ChillingOut

A feast well Furn-ished

August 14 - 20 , 2019
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Gulf Weekly Naman Arora
By Naman Arora




Gulf Weekly A feast well Furn-ished

One of my favourite aspects of being back in Bahrain after nearly 14 years and in this role as a culinary ink slinger is that I get to burst my expat bubble and soak myself in Arabian cuisine, expanding my piquancy palette while paying homage to my childhood country.

Being an expat in Bahrain has countless perks but one of the drawbacks is that it is easy to get wrapped up in the expat bubble where one eats familiar food, dines at everyday establishments and socialises with the same people.

But this weekend, as we chilled out at the Furn Bistro & Bakery at the Westin City Centre Bahrain, I got the full Arabian culinary and hospitality experience as we sampled their afternoon delights

We couldn’t have had a more Arabian appearance than showing up in a Mercedes, which we had spent the day reviewing and you can read more about it our centre spread.

We were greeted by Ahmed Eldeik, the restaurant manager at Furn, who made us comfortable and served us the customary gahwa (Arabic coffee) with a side of dates.

As we sipped on gahwa and ruminated by the rotunda, where most of the Furn’s regulars find their spot, I engaged in one of my favourite pastimes – people watching and sondered on what their story might be. If sonder is a new word for you, it’s because it is a neologism, defined by its creator John Koenig. It is the profound feeling of realising that everyone, including strangers in the street, has a life as complex as one’s own, which they are constantly living despite one’s personal lack of awareness of it.

The rotunda is the perfect place to sonder, where you could see people engaging in animated conversation, observe those lost in their laptops, wonder where those in a rush are headed to and occasionally catch the eye of another person-watcher before looking away quickly.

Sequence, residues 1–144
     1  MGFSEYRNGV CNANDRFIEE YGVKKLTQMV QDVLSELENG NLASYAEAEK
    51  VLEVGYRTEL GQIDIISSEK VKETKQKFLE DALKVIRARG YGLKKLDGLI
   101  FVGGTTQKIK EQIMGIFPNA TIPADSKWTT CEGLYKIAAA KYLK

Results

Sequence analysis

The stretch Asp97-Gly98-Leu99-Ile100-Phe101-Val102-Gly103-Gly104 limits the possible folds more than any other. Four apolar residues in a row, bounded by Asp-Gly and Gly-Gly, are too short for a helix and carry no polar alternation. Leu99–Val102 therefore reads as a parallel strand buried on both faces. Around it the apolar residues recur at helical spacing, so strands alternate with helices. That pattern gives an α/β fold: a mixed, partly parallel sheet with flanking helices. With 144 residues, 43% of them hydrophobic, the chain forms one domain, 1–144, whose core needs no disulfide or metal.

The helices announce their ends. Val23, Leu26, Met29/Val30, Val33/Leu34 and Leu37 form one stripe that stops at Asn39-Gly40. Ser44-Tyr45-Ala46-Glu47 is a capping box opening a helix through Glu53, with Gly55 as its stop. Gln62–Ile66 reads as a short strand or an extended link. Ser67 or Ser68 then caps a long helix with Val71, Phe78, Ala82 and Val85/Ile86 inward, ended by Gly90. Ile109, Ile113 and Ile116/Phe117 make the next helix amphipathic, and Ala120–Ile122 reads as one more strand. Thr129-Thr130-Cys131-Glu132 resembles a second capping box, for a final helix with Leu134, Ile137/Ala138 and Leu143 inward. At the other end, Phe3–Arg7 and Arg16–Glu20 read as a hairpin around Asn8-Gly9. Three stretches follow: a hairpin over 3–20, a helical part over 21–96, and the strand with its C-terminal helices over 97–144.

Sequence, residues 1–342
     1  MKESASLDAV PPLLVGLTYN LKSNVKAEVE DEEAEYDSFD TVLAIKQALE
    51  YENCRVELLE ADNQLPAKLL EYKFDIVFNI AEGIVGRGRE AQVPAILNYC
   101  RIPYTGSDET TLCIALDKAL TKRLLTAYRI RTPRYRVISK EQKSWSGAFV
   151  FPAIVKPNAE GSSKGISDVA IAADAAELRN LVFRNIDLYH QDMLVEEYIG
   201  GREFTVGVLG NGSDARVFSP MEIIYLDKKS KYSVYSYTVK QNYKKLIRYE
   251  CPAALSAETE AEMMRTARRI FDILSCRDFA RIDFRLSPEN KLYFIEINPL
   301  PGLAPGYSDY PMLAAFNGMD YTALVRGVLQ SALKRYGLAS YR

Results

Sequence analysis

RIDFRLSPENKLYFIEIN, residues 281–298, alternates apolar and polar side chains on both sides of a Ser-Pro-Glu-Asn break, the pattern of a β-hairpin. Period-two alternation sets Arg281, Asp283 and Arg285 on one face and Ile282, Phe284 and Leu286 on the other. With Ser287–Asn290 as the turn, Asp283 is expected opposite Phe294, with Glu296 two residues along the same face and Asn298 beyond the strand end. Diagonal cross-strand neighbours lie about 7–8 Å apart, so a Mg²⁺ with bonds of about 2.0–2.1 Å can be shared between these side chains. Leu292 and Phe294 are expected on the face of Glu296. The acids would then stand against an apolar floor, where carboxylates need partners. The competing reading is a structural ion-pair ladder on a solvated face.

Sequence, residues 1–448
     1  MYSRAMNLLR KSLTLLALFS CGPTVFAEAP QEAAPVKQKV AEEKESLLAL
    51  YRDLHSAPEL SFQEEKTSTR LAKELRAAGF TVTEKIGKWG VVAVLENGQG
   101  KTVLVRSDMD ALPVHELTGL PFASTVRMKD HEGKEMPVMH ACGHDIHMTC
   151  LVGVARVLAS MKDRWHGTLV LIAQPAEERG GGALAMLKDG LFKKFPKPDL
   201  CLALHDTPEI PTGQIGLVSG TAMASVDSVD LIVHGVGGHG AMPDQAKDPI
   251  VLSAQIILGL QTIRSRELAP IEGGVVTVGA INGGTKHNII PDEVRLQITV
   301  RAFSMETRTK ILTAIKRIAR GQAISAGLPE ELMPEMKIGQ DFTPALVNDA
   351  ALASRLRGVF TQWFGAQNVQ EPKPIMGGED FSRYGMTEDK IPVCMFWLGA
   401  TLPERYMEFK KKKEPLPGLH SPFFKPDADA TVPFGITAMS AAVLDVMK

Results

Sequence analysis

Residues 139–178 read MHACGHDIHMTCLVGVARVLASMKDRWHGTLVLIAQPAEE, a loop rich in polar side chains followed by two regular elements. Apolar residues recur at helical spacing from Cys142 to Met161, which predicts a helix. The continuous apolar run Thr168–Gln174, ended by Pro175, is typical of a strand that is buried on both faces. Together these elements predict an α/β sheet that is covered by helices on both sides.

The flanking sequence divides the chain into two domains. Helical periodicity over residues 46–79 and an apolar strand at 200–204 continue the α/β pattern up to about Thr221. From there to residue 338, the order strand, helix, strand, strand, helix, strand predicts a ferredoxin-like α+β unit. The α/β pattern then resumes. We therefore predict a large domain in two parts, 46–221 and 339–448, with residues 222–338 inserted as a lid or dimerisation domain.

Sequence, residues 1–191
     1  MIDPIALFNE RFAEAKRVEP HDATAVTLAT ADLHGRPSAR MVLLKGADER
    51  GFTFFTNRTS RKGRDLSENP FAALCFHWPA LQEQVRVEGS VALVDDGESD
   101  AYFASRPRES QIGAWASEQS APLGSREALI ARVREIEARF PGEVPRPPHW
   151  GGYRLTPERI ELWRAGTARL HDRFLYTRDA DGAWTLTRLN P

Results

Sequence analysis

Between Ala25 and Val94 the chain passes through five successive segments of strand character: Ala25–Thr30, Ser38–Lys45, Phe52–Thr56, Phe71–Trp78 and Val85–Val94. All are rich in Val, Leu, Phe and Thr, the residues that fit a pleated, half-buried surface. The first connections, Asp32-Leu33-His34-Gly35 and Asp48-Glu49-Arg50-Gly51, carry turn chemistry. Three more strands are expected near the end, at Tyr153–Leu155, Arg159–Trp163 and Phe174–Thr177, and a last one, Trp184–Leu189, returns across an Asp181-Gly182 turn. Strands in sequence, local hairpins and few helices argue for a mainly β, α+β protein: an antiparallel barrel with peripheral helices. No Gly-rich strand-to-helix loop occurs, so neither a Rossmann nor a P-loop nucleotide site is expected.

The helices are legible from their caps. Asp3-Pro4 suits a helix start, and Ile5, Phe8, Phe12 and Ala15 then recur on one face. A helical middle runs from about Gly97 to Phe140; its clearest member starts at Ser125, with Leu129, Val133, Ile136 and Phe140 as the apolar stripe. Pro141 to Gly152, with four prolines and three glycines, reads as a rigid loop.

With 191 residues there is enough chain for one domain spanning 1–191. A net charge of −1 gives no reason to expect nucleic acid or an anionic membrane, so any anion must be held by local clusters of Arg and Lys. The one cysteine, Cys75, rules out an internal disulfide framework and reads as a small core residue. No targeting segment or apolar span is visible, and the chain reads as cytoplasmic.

We also took this moment to saunter past the cakes by weight section, where a delectable pistachio cake slice caught my eye. However, before I could indulge, the fresh baked bread section caught my scent and I wafted over, allured by the oven and the fresh yoghurt and raisin bread.

Within a few minutes, Chef Bassem Ragab appeared with a splendid spread of Arabian cuisine. All the dishes were served on a hanging food stack which felt luxurious and again, very Arab. First up was a selection of mezzah featuring hummus, mutabel, labneh and muhammara, served with crispy Arabic bread. On the next level, there were a couple of sandwiches. Were these just good old club sandwiches? Since this was an Arabian feast, obviously not.

There was a delectable haloumi cheese and black olive mayo sandwich but the showstopper was the date and tahini nursed between two slices of saffron bread. It was a perfect espousal of sweet and savoury. This sandwich melted in my mouth and was the ideal companion to yet another round of gahwa.

No Eastern or Middle-eastern platter is complete without dessert - Baklava, maamoul, Bahraini halwa, pistachio balls, kunafa and an assortment of stuffed and plain desserts all seduced us with their heavenly smells, bite-sized appearance and tempting taste. With a crispy exterior followed by a soft Akkawi cheese texture and a pistachio kick, the kunafa, served in a separate cast-iron skillet. It was the universal favourite. Even Chef Bassem lit up like a child on Eid as he talked about the dish.

This entire platter, with a pot of Arabic coffee or tea (BD14.500), would have been sufficient for a family or perhaps a novice ill-versed in Arabic hospitality.

But the chef had more to come. Arriving next in our bellies was the chicken shawarma, served with fries and pickled vegetables (BD 5.800). Now, as my GulfWeekly colleagues know, I am a bit of a shawarma nut and while this wouldn’t change my regular shawarma spots, it was interesting to see traditional street food being served with fancy accoutrements.

And as if we hadn’t enjoyed enough Akkawi cheese, manakeesh baked with the delectable white brine cheese (BD3.700) manifested at our table.

I washed it all down with a blueberry mojito, a citrusy-sweet finish to a fabulous feast and an amazing afternoon.

As we chilled out and struggled not to sink into a food coma, I reflected on Arab cuisine and its place in the culinary world. With kitchens shaped equally by climate, cultivating possibilities as well as trade, Middle Eastern cuisine has naturally curated the most sensual symbioses of tastes, textures and scents – the sweet and savoury tastes of dates and saffron, the crispy and soft textures of kunafa and Akkawi as well as the nutty, fragrant and spicy smells of the gahwa.

Nothing could be more emblematic of the Middle East and Bahraini tradition: a coming together of the globe’s taste buds in one kingly platter.

For bookings or details, contact 17171441 or follow them @furnbahrain on Instagram.







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